Agricultural AgeStone AgeSummerThe AgesThe Seasons

Gardening: The Treshing Floor

Part of the harvest isn’t just fruits and vegetables.  It is seeds as well.  These seeds are the foundation for next year, and first we must save, then we must eat.  It is a dire circumstance indeed when we don’t have enough to lay by for next year, and have to eat out seed stock.  Fortunately this year we have plenty to save and plenty to eat.

Today was the day to remove the cilantro from January and thresh out its seeds for next year.  I originally had left the whole row in place to mature, but I found that cilantro takes a long time to dry and I needed the space.   So I trimmed out all but one.  It turned out to be a good move, one plant gave me all the seed I can use for sowing and for cooking.

When it came time to thresh, I used my good ‘ol Stone Age seed beater for the job.  I whacked the heck outta that dried plant until the seeds fell to the table.  It worked pretty well, although I did need to finish off the inside of the dried plant with my hands.  At the end of it all, I netted a half of a brown lunch bag of seeds.  Not a bad return from one starter seed in the first place.

I am happily building up my seed collection for 2012.  So far, we have lettuce, beans, and cilantro, and hope to add tomato, bok choy, zucchini, pumpkin, peter peppers, and sweet peas.  It will be the first true generation of SSA plants, and that’s pretty special.

The old cilantro plant, my Stone Age seed beater, and the harvested seeds.
The seeds have been winnowed from the trash and are ready for storage.



4 thoughts on “Gardening: The Treshing Floor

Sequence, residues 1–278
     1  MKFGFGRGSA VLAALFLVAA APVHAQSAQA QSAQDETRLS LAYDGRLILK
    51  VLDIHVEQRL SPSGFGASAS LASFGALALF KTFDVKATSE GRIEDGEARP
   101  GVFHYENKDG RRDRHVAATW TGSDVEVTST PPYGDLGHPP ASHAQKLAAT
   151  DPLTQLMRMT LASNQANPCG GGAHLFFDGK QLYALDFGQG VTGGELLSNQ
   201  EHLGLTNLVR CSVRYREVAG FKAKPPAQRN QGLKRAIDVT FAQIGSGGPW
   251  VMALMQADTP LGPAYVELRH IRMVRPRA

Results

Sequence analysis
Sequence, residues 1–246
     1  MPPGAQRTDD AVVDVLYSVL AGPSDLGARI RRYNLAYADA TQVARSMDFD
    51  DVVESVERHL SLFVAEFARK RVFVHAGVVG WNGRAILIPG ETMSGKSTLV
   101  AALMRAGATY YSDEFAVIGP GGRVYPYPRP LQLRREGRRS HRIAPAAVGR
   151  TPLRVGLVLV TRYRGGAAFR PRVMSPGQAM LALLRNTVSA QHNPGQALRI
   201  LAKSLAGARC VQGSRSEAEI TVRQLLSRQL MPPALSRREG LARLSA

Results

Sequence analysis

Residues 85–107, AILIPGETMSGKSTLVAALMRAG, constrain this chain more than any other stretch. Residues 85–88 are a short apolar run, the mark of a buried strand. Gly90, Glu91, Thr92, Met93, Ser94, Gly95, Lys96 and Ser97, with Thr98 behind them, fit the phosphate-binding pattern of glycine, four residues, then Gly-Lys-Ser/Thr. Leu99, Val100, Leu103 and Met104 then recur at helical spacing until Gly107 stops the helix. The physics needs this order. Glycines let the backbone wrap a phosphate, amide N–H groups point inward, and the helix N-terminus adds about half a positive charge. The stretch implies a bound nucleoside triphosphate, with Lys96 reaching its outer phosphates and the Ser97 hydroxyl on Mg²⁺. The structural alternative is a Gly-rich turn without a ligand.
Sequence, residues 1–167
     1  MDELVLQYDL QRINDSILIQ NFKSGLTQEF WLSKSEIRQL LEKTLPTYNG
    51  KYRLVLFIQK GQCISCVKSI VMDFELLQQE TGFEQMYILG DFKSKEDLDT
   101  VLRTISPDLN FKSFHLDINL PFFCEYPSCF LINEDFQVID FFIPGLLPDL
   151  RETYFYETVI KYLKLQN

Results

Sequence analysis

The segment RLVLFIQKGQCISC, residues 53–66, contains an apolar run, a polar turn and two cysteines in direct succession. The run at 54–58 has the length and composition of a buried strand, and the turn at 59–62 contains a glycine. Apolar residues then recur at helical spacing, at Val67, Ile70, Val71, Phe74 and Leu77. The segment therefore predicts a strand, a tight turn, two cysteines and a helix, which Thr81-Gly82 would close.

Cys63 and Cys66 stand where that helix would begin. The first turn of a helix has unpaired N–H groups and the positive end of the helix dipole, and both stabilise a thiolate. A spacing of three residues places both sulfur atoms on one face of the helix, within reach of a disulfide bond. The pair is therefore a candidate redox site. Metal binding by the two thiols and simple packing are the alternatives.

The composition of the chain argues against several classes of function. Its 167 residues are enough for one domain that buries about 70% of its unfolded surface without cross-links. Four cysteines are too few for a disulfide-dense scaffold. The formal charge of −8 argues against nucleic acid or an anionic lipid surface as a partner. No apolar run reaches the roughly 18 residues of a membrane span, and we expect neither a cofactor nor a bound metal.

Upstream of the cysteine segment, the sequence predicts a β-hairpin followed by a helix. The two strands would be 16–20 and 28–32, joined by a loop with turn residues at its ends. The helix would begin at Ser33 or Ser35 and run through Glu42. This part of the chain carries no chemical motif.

1. Hey There~ Sooo glad I found your blog thanks to that GREAT article in the Star….you must be so proud! So were neighbors, I’m guessing, I back up to Lynn between Capitan and High (sp) streets. We have 3 chickens and am NOT in the unincorporated area and the city guy came out re re-assess our property and made a note we had a chicken coop- I’m scared they’re gonna come back and tell us to get rid of them! Anyway, I have big plans to finally rip out our grass in the back and turn the yard into my FARM!!! I am loving your blog and hope to get many tips and tricks and MUCH inspiration! Thank you, again! I’d love to come by and visit sometime!

    1. Hi there! Thanks for your comment, I am glad you enjoyed the article! Please keep us posted on your chickens, I know that is a big concern for many people. I am delighted to hear about your project to replace your lawn with farm. Slowly but surely, we’re doing the same. I figure if you’re going to irrigate, you may as well irrigate food. I am still not sure what the best way is to remove the lawn en masse, I’d love to compare notes if you find a way. Keep up the good work and we’re excited to have you along on our adventures!

  2. Thanks for this info – I ‘m letting my cilantro seeds mature on more than one plant but the plants are huge and I need the space as well – since you say they take a long time to dry I will plan to remove all but one. Appreciate the tip!

    1. My pleasure, and thanks for your comment! I was astonished at just how many seeds came from one plant. I think next year I will plant some both in the garden and in containers. That way, I can remove all the cilantro in the garden and let the container plants go to seed.

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